Thank you for your responses. It seems like Korea may just be fine for vacationing.
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Milwaukiedave



Joined: 02 Oct 2004
Location: Bucheon

PostPosted: Thu Jun 12, 2014 4:04 am    Post subject: Re: Is Korea worth it? Reply with quote

Weigookin74 wrote:
Anyways, a lot of that has changed. Nowadays, any normal foriegner will get decent enough respect here compared to before. A lot of that old xenophobia seems to have moderated itself compared to back then. But professionally, the top jobs demanding a PHD are few and far between. Some Unis are asking for Masters now, but paying garbage in return.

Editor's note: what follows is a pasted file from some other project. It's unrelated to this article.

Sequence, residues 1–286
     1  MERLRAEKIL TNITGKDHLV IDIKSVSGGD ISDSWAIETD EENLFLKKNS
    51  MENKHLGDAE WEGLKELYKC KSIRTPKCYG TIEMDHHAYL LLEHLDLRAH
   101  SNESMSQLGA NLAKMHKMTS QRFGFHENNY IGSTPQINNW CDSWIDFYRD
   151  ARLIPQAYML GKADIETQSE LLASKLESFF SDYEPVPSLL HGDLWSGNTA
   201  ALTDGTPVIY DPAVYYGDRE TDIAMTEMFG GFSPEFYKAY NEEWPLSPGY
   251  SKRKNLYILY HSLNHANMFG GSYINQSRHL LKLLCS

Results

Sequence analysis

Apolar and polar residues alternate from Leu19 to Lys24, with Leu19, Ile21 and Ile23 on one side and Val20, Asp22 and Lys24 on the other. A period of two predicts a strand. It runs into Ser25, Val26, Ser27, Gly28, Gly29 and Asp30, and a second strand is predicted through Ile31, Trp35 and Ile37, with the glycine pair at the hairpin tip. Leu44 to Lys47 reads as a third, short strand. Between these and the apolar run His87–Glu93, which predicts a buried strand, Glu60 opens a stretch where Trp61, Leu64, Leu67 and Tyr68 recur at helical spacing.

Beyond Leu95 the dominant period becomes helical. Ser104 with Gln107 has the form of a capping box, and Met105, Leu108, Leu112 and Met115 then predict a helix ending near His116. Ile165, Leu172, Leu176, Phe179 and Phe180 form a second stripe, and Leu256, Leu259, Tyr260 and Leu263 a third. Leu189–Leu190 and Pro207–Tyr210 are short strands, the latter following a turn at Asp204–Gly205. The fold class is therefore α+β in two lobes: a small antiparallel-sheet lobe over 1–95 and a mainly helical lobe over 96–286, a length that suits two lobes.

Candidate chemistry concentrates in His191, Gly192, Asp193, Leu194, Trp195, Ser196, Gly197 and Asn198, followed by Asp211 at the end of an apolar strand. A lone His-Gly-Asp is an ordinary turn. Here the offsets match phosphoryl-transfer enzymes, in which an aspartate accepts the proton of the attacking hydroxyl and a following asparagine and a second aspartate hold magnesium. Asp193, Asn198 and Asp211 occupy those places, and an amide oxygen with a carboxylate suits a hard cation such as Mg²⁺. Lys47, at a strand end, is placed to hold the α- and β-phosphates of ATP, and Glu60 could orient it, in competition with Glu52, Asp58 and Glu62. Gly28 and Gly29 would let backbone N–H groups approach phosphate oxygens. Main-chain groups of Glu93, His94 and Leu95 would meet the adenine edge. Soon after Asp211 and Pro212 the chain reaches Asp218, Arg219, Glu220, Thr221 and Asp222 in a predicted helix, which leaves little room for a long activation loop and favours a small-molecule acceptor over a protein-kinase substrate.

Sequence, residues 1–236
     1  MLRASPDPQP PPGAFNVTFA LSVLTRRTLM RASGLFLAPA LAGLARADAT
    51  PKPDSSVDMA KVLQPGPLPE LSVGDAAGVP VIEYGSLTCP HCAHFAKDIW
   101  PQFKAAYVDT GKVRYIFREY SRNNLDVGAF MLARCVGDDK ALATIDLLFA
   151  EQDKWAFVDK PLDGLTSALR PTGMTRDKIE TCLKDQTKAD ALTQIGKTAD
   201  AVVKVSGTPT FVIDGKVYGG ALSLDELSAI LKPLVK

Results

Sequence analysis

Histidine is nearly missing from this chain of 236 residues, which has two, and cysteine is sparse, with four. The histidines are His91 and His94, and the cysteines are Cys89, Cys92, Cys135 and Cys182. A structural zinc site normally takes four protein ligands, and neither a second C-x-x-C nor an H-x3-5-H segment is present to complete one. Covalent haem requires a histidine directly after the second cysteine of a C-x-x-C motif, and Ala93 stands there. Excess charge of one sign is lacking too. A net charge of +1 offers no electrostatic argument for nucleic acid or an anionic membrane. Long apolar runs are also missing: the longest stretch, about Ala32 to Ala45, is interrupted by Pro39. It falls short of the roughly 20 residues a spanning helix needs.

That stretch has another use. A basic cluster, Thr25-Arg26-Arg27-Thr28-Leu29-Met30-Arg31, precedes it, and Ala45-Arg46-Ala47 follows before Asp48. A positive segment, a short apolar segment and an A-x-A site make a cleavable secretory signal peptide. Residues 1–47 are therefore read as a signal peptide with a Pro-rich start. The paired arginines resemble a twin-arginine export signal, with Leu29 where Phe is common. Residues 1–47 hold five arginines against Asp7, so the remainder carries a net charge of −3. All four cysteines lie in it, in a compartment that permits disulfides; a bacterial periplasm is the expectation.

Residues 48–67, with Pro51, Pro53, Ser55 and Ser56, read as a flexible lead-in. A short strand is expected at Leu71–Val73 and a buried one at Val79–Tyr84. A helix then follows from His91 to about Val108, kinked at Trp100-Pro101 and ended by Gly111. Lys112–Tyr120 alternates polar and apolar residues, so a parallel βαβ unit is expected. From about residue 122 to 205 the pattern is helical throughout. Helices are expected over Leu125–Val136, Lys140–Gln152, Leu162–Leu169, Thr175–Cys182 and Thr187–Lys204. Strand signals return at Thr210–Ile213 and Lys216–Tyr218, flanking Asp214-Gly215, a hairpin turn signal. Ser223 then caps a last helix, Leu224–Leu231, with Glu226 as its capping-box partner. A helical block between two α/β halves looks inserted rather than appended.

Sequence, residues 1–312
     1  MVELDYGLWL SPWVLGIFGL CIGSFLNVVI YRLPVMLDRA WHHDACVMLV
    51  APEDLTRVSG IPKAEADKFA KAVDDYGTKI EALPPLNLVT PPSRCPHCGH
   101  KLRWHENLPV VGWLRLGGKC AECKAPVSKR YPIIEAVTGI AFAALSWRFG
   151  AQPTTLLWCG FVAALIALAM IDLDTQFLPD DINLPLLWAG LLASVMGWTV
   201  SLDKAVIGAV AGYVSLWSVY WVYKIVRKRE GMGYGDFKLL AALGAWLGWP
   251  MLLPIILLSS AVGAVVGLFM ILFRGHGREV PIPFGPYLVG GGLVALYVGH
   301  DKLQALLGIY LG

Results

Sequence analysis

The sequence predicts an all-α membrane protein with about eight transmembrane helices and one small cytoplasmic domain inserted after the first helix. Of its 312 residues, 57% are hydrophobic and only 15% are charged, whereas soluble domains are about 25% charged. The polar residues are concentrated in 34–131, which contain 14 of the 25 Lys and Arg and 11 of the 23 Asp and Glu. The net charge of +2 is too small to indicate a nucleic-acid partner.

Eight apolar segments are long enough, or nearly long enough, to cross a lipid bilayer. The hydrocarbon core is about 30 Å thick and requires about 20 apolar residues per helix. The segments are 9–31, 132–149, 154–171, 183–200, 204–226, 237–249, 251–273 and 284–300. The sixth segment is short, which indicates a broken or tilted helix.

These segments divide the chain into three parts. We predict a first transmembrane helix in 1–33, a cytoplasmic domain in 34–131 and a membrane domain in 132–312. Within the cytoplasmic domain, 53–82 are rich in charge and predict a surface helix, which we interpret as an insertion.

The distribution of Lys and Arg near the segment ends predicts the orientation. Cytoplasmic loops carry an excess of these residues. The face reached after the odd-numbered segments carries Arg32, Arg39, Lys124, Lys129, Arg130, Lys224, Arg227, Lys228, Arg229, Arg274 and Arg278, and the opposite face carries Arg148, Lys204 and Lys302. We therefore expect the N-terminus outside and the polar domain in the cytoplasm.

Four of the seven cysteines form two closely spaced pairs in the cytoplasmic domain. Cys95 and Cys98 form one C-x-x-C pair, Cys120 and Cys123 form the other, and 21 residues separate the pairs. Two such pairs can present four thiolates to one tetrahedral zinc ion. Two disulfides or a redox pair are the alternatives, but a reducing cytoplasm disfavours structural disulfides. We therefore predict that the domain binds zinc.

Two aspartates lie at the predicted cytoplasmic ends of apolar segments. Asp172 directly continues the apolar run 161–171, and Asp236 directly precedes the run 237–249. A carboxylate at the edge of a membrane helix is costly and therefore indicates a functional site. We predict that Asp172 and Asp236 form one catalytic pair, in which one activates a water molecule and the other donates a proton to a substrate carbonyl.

If you are talking about PhD's in the ESL field, I agree. The competition in ESL is only going to get worse. Outside of ESL I've heard that universities are looking for foreigners to teach specific subjects in English. I had a discussion with a professor and he said they have interviewed people for a position next year teaching within a department which has nothing to do with ESL. One of the problems is that most of the candidates do not have experience teaching students who's second language is English.
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isitts



Joined: 25 Dec 2008
Location: Korea

PostPosted: Fri Jun 13, 2014 5:55 am    Post subject: Reply with quote

kabrams wrote:
For those who have left and later returned to Korea is it worth it?


For me? Definitely worth it.

For you? I would do something more in line with your credentials and endorsements. If you can do that in Korea, then fine.